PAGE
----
This One Is For The Little Guys

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LETS GET REAL, YALL.

I posted a status today asking the “little guys” to share about their books. To be honest, I was floored by the responses. My notifications blew up within minutes and I realized that while I may still feel like a little guy at heart, that’s not really the case anymore. There’s a lot of authors struggling, and that hurts my heart.
 
I remember the anxieties and pains from that period of time though, and I still feel them! So, I wanted to get real with you guys for a minute about what my career’s been like and what it’s taken to get there. Hopefully it will encourage other “little guys” to keep going, keep trying, keep writing.
 
There’s a reason why we do this, and there is a path to success but each of ours is different. If any other authors feel like posting in the comments about their journeys to help inspire, or vent, feel free! This is just one person’s experience, but it’s a different road for all of us. ❤️
 
MY BOOKS:
In 2013, I published my first book through self publishing at age 24.
In 2016, I now have 8 published, but 11 written.
Out of those, 7 are self-pubs and 3 are traditionally published (with more to come).
My dream was always to write for Random House, and I signed a contract for 6 books with Penguin Random House in 2014.
My next book comes out Oct 4 (self-pub), and Dec 13 (traditional).
It took writing 7 books before I was proud of my writing.
 
MY JOBS:
In 2012, I got my Masters and began working as a therapist in a sexual offender rehabilitation programs in a jail.
In 2013 and 2014, I worked full time but started writing, plus an additional separate part time job of writing resumes.
In 2015, I worked 2 part time jobs outside of writing.
In 2016, I work 1 part time job outside of writing, plus some freelance work and consulting. I also now fully support my household due to my partner’s job change.
 
MY TIME:
During all 4 years, I’ve averaged 60-80 hours of work per week.
I haven’t taken a vacation. I didn’t get a honeymoon. I have never taken a full weekend off. I normally work all 7 days a week.
I write at least 20,000 words a week minimum, and I do all my own marketing at night. I do not have an assistant.
I only go out with friends once a month, if that. I turn down events all the time and forget promises I make people regularly.
I don’t have kids yet, which helps with time, but I’ve had several miscarriages and am actively trying to adopt/get pregnant.
I have date nights, even if its just on the couch, because we need that time. When a friend needs me, I’m always there–work never comes first.
I spend half a day every week cooking and shopping for the rest of the week. My husband cleans the house because I just can’t even.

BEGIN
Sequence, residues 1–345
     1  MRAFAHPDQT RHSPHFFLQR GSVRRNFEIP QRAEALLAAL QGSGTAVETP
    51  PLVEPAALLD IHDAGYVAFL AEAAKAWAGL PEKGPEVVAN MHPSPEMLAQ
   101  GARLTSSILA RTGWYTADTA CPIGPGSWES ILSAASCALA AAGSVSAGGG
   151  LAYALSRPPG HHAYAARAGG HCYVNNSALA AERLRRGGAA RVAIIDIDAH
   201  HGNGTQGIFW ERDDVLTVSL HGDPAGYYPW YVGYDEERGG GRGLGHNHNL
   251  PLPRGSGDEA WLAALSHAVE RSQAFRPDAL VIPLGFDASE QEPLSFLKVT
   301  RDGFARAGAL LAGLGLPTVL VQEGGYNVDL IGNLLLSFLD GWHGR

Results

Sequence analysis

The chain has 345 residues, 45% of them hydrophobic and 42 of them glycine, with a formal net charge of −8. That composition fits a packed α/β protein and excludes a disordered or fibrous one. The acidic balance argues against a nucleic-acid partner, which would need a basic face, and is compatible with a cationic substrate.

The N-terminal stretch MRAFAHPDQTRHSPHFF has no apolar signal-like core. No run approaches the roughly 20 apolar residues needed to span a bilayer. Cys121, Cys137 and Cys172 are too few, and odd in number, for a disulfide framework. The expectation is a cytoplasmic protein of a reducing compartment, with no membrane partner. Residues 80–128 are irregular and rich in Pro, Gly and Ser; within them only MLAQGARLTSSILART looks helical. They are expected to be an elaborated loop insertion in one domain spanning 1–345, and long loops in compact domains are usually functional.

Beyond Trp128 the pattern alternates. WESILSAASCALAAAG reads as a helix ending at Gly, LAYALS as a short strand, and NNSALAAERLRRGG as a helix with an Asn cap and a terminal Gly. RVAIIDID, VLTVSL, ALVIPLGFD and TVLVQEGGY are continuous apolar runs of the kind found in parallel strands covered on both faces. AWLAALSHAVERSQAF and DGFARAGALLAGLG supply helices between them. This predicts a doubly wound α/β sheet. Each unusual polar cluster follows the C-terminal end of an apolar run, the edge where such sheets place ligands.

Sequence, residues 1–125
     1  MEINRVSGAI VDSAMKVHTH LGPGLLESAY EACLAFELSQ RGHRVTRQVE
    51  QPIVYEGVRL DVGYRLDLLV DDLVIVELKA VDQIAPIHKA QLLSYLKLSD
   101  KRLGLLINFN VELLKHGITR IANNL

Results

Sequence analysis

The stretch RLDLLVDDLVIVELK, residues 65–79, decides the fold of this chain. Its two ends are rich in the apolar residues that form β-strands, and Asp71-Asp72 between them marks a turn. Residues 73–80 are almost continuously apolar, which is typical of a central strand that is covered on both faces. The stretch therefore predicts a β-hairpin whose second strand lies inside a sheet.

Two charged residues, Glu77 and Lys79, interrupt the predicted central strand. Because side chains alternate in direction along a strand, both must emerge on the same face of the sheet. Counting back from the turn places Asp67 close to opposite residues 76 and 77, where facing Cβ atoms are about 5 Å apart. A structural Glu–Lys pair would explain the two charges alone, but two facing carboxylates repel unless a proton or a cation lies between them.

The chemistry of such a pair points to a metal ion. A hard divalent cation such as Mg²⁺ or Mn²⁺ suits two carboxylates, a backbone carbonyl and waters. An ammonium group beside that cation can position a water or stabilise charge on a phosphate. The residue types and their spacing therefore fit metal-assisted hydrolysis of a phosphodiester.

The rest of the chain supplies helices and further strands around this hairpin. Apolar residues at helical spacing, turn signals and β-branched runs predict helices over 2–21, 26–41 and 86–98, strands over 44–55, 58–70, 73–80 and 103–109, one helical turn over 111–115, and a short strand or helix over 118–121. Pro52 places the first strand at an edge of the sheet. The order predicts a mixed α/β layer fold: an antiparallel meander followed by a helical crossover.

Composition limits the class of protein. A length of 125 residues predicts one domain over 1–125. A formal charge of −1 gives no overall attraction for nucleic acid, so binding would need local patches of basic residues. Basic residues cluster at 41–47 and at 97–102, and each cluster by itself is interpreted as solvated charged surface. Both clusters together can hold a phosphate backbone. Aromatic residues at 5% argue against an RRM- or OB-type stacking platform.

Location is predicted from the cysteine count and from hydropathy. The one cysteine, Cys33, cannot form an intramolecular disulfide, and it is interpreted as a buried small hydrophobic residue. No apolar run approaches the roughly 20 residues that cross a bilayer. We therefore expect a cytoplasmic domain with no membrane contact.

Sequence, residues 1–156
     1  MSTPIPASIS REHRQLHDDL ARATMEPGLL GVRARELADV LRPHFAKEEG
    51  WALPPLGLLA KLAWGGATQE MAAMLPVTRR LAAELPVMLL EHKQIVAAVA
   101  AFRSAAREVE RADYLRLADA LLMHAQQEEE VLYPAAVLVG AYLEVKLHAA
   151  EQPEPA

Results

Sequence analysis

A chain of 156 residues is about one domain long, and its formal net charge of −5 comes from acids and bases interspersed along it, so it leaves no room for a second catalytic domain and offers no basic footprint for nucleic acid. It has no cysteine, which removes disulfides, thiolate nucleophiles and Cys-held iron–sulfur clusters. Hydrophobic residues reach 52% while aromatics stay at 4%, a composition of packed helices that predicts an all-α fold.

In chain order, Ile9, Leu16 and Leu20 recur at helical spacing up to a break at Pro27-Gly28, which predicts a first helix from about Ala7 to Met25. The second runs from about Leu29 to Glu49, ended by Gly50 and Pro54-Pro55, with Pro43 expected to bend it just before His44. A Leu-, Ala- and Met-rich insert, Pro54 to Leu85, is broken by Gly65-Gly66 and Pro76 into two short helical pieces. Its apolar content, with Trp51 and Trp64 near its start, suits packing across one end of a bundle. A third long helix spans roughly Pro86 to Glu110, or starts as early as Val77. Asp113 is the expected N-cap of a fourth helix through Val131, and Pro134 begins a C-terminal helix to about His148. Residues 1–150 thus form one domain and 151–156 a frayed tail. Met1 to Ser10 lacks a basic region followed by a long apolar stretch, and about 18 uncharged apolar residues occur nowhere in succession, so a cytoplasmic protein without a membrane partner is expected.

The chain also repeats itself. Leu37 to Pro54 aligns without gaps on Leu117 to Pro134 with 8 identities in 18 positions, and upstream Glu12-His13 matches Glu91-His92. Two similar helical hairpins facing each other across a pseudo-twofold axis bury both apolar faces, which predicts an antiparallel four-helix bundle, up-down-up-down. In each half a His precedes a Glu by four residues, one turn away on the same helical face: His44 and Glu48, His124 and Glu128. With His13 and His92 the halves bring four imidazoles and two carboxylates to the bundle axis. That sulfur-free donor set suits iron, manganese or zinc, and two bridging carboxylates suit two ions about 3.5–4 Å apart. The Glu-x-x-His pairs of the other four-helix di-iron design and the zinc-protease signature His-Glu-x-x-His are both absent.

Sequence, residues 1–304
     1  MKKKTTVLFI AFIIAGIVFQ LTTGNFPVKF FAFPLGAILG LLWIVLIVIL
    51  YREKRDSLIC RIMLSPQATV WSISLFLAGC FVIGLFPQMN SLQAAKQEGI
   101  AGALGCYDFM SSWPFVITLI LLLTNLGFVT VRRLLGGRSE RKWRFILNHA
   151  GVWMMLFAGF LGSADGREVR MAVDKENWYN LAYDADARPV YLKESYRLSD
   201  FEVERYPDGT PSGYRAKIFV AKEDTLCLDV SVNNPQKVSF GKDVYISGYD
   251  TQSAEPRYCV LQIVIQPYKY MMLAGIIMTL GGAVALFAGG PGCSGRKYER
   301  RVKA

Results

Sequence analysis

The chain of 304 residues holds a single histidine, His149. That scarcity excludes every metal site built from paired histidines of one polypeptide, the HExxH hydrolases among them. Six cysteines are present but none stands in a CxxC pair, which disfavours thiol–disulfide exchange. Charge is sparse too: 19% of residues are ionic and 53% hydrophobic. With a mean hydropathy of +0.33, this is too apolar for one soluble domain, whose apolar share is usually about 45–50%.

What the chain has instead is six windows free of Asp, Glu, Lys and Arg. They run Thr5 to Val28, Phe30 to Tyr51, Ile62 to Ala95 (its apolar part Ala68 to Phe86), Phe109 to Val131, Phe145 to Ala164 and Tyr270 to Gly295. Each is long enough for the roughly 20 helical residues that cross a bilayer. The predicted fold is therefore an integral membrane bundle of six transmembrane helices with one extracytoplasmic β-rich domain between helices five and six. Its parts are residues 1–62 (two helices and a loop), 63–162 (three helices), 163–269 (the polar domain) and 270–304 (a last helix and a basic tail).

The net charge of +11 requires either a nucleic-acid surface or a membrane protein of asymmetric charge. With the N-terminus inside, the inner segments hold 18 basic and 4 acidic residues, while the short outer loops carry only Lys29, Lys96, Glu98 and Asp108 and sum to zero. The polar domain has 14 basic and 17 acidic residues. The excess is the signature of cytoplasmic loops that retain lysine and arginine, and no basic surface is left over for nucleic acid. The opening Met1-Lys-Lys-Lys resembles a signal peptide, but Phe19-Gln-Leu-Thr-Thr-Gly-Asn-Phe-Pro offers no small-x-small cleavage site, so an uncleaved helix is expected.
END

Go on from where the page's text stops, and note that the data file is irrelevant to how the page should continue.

I watch television because it’s fun and I want to, and I don’t feel guilty if I’m doing something that isn’t work or writing.
I spend at least 15 minutes a day screaming and running in circles around my house with the dogs, playing. I call it my exercise.
I read at least 2-3 books a week.
I cry at least 2x a week about whether or not I’ll ever reach my dreams, or be able to afford…life.
MY INCOME:
In 2013 and 2014, I netted a profit loss on my books. I think it was by -$8k the first year, and -$3k the second year, but I don’t fully remember.
In 2015, I made +$8,000 profits from my books.
In 2016, I made +$8,000 in January alone, and while it’s always up and down throughout the year, by the end of the 2016, I’m projected to net a “normal” salary for my work.
In 2017, I hope to do 1.5x what I’m doing this year.
I still struggle and work on paying down a lot of debt, and put most of my book money back into my business. My shoes have holes in them and I wait for my birthday to come up until I beg a relative to buy me new shoes because that’s a “luxury” for me at the moment. I still give away hundreds of my books and buy other author’s books every week.
 

MY TOP TIPS:

1) Pick your goals and work toward it, no exceptions.
2) Be willing to put in the time. And a lot of it.
3) Unless you just want a hobby, treat this like a business.
4) Sleep. Get lots of sleep, or you’ll be less productive.
5) The best way to sell a book is write the next book.
 
There’s plenty more and I could go on and on, but this is just one author’s take on what life looks like when you work really hard and get one step closer to your goals. I’m nowhere near where I want to be yet, but one day I will be, and it will have made all the hard work worth it. There are tons of authors doing much more and much better than me, and that’s perfectly okay with me. We’re not competition, we’re peers.
 
But even if it never pays off, I love what I do. I love my job, and I love working hard, and that’s all that’s ever going to matter in the long run. I’ve surrounded myself with a great group of people, my agent, my publisher, other authors, my family, my friends, etc, who make me a better version of myself and I love every moment of it. This is going to be my lifetime career, and I’m going to make it successful–no exceptions.
 
So, don’t be discouraged if your book isn’t selling, or you’re struggling to reach more readers, or you’re new and overwhelmed. It’s not an easy road for any of us. We’re all just trying to figure it out.
 
Just keep writing.

❤️

Go check out some of these awesome books listed in the comments of my “Little Guys” Post here!

[This post was originally published on Sarah’s Facebook profile here. Please follow her there (or on her page) for the most up to date information. For book information, please subscribe to her newsletter here.]

Image Credit: http://www.specialtyansweringservice.net/14-words-every-business-owner-needs-know/

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